Like what you've read?

On Line Opinion is the only Australian site where you get all sides of the story. We don't
charge, but we need your support. Here�s how you can help.

  • Advertise

    We have a monthly audience of 70,000 and advertising packages from $200 a month.

  • Volunteer

    We always need commissioning editors and sub-editors.

  • Contribute

    Got something to say? Submit an essay.

 The National Forum   Donate   Your Account   On Line Opinion   Forum   Blogs   Polling   About   
On Line Opinion logo ON LINE OPINION - Australia's e-journal of social and political debate


On Line Opinion is a not-for-profit publication and relies on the generosity of its sponsors, editors and contributors. If you would like to help, contact us.


RSS 2.0

A woman's work

By Cristy Clark - posted Monday, 15 January 2007

For quite a while now I have been struggling with the implications of my pregnancy - wondering what it will mean (and already does mean) for my identity, for my future choices, for my body and for my relationships.

Now a number of posts, particularly a few recent ones from Ampersand Duck and Pavlov's Cat (and also a post and comments thread over at Crazybrave), have prompted me to post about these issues.

I have to admit to having been shocked to the core by the impact of pregnancy on my body. I never understood that feeling “fatigued” would involve falling daily into a deep black pit of exhaustion, or that the addition of the word “morning” to sickness was such a cruel joke.


Despite years of experience with (admittedly fairly mild) PMS, I also had no real understanding of the power of hormones to influence my outlook. Instead of the pure joy that I had anticipated, I felt sick with worry and doubts about the pregnancy; about my capacity to be a mother; to endure the loss of sleep; to successfully breastfeed; and to keep our child safe - none of which were assisted by feeling as though we couldn’t share the news with anyone except our closest family members.

My brain was taken over by thoughts of how to deal with every possible problem and with my evident lack of capacity to cope as well as I had expected. My self-confidence plummeted as I realised that I was not glowing with prenatal health, but rather was a wreck who needed to sleep all day and could only stomach vegemite saladas.

Fortunately, the second and third trimesters have been a lot easier on my body - my blood pressure is stupidly low and so I get faint very easily, but my energy levels are much better and my appetite has returned. I also feel a lot clearer and happier about the pregnancy. The first ultrasound and the first little kicks did fill me with the excitement that I had expected earlier, and suddenly everything did feel OK again.

However, I am still trying to come to terms with the inevitable impacts of this choice on my life. My PhD is just starting to really come together, and I will have to set it aside and will never again have the freedom to come back to it with my full undivided attention. Future career decisions and relocations will also have an added dimension that I do not resent, but am aware of nonetheless.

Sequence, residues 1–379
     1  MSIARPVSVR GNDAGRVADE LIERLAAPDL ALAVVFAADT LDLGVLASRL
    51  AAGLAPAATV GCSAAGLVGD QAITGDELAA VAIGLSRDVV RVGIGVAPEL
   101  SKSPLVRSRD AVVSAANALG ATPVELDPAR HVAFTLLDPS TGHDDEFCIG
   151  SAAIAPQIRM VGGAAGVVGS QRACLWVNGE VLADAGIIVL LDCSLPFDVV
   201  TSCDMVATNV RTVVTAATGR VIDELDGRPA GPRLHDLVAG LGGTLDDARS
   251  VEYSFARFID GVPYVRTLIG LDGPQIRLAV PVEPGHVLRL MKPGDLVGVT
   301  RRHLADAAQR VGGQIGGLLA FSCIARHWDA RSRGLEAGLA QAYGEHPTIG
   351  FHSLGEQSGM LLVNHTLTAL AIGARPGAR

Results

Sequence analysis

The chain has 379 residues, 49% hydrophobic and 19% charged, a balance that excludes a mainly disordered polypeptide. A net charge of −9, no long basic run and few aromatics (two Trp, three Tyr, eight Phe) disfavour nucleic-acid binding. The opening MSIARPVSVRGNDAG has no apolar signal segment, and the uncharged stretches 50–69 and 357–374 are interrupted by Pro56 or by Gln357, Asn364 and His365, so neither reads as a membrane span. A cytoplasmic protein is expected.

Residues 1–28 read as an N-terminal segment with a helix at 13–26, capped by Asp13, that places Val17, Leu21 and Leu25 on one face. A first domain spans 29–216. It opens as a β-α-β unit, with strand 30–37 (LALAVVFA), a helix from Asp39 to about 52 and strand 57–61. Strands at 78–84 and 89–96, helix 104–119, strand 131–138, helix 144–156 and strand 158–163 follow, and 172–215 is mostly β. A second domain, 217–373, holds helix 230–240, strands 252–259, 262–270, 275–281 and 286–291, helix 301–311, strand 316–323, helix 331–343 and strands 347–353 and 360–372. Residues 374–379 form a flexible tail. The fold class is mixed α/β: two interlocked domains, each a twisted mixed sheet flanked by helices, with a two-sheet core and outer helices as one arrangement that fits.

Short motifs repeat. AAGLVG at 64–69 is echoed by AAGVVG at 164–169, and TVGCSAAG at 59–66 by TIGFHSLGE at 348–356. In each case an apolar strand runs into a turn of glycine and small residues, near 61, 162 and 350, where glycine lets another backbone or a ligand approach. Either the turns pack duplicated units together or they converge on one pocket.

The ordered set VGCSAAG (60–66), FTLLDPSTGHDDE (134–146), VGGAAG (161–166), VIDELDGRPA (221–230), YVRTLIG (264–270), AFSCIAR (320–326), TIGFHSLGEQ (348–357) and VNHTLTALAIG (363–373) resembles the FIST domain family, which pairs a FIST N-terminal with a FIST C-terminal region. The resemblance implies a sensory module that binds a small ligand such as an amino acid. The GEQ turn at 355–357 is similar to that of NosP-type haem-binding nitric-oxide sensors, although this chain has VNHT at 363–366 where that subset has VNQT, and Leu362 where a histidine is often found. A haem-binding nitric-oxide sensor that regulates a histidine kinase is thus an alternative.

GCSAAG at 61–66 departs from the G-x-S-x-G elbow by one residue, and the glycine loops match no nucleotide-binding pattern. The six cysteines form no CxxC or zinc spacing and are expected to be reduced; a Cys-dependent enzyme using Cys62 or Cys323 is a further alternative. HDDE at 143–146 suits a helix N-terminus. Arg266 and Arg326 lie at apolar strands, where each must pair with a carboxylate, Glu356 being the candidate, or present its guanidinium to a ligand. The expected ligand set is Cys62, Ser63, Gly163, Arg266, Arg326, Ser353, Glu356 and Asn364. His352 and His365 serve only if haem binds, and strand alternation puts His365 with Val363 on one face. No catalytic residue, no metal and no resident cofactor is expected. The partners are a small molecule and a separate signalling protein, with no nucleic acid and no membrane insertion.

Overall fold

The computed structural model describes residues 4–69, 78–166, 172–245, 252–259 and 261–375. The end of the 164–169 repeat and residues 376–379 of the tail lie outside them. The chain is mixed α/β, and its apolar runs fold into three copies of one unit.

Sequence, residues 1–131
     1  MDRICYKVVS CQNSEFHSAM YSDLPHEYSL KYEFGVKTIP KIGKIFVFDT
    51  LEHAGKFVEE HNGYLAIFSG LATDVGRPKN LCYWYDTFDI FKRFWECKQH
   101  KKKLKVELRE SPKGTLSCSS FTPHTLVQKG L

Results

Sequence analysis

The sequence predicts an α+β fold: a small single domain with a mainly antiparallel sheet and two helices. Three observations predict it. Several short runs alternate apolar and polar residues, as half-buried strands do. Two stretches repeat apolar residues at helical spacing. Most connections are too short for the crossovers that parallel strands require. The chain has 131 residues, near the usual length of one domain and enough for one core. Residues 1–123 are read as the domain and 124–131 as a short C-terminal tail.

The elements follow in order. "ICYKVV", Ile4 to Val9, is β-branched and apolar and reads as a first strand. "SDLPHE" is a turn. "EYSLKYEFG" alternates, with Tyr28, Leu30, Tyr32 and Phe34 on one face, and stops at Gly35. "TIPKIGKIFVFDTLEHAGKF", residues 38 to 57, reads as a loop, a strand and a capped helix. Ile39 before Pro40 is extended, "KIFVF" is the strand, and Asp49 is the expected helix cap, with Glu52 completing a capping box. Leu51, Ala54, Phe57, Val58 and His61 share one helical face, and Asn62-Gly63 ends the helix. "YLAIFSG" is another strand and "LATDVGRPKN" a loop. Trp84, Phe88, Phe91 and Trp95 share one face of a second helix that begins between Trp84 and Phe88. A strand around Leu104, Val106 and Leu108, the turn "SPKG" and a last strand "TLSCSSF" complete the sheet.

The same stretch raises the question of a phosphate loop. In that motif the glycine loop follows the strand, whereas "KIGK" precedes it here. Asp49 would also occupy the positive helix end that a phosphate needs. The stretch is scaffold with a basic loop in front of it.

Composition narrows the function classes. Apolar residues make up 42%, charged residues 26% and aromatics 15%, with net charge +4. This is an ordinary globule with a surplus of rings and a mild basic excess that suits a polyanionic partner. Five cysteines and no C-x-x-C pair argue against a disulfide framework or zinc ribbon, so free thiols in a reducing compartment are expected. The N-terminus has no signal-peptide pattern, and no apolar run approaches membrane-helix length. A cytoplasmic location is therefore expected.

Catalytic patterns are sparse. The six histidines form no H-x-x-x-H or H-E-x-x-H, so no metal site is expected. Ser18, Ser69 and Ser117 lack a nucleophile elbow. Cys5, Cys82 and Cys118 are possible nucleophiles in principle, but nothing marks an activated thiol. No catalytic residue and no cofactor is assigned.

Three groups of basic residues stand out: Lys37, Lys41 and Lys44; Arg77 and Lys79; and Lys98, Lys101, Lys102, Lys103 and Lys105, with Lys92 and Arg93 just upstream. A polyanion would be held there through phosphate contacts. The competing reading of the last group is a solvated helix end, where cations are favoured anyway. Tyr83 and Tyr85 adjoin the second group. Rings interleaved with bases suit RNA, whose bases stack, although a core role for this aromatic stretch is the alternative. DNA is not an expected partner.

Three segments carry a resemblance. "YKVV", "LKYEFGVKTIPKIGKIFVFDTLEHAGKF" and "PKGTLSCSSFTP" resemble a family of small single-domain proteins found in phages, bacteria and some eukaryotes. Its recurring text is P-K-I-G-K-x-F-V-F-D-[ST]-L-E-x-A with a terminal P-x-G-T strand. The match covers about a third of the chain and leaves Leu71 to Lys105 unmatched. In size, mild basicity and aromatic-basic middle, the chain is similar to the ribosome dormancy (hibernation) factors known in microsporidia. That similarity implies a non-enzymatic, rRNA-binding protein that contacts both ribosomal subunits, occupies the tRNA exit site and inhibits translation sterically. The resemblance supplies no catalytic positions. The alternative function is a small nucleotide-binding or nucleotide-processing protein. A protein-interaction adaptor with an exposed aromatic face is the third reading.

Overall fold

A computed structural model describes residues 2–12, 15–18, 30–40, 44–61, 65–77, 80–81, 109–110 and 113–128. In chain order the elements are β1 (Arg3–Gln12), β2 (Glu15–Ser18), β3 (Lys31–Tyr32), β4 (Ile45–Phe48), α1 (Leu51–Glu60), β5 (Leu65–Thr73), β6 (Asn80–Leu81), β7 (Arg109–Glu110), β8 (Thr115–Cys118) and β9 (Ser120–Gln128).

The real issue for me, however, is identity.

For all the real gains that we have made as women over the past decades, there is nothing like motherhood to bring the full force of society’s sexism down upon you.


Issues that I have been able to side-step previously, will become harder to avoid and I don’t feel like having the battles that this may provoke. I am not interested in being defined solely as a “mother”, regardless of how much I know that I will love my child and cherish our relationship. No man is ever threatened with being reduced to the single identity of “father”. Their personal qualities, career ambitions, and autonomous hopes and dreams are rarely taken away from them just because they chose to breed.

I want to make it clear that I do not see this as a failure of feminism - as I know that this has been the belief of some. Instead, I see this of an indication of how far we have to go. The role of mother is still naturalised in a way that thoroughly devalues it - most particularly by those who claim to be upholding traditional family values.

Because breeding is defined as a natural act (which it is, but bare with me here), women are expected to blossom in pregnancy, or to at least be stoic when they don’t. Their sacrifices - physical, emotional, career - are also continually undervalued. Men who take time off work to care for their young children are glorified as heroes, while women are placed in a no-win situation where we will be criticised by some for returning too early and by others for neglecting our careers for too long.

  1. Pages:
  2. Page 1
  3. 2
  4. All

First published in Two peas no pod on December 11, 2006. It is republished as part of "Best Blogs of 2006" a feature in collaboration with Club Troppo, and edited by Ken Parish, Nicholas Gruen et al.

Discuss in our Forums

See what other readers are saying about this article!

Click here to read & post comments.

127 posts so far.

Share this:
reddit this reddit thisbookmark with Del.icio.usdigg thisseed newsvineSeed NewsvineStumbleUpon StumbleUponsubmit to propellerkwoff it

About the Author

Cristy Clark is a PhD fellow, who works in the area of human rights law and water. She has a professional and academic background in both law and development. She lives in Canberra and is expecting her first child in March. Cristy has been blogging since 2004 on Two peas, no pod

Creative Commons LicenseThis work is licensed under a Creative Commons License.

Article Tools
Comment 127 comments
Print Printable version
Subscribe Subscribe
Email Email a friend

About Us Search Discuss Feedback Legals Privacy